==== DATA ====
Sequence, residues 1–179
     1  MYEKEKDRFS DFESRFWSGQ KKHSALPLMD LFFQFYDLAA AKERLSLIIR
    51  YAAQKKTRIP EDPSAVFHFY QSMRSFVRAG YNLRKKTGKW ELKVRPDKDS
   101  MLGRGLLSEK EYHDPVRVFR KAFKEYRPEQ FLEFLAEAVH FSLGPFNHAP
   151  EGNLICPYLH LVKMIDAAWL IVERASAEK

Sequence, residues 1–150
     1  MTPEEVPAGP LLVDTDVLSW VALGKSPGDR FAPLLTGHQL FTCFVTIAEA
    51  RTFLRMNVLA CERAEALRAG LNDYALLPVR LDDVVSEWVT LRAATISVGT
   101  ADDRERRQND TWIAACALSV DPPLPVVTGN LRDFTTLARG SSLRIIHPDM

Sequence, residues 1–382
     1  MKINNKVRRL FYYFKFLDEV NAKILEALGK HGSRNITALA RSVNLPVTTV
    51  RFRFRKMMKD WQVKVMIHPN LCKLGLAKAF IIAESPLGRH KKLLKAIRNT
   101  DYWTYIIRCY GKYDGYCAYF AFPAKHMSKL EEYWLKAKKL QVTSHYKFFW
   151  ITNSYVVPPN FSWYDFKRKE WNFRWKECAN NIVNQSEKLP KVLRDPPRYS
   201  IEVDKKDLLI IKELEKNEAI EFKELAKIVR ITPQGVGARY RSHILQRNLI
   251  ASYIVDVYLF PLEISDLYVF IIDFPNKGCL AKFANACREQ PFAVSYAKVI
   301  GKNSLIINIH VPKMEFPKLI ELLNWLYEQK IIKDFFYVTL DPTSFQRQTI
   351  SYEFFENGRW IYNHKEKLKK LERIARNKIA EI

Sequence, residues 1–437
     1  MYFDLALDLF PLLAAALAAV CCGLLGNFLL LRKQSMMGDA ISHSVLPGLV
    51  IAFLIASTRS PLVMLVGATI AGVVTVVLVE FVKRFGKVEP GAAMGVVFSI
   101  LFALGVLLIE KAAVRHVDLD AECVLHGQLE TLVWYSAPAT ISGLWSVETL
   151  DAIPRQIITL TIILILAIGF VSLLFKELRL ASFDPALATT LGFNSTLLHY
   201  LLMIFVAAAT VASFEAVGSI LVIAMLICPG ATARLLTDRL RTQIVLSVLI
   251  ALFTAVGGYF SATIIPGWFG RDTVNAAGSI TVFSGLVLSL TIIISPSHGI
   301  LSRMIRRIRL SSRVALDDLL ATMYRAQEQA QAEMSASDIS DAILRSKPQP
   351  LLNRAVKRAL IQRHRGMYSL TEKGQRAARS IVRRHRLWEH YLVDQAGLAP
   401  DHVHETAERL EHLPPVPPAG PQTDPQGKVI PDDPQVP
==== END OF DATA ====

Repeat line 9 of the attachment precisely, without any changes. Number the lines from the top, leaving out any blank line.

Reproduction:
   101  ADDRERRQND TWIAACALSV DPPLPVVTGN LRDFTTLARG SSLRIIHPDM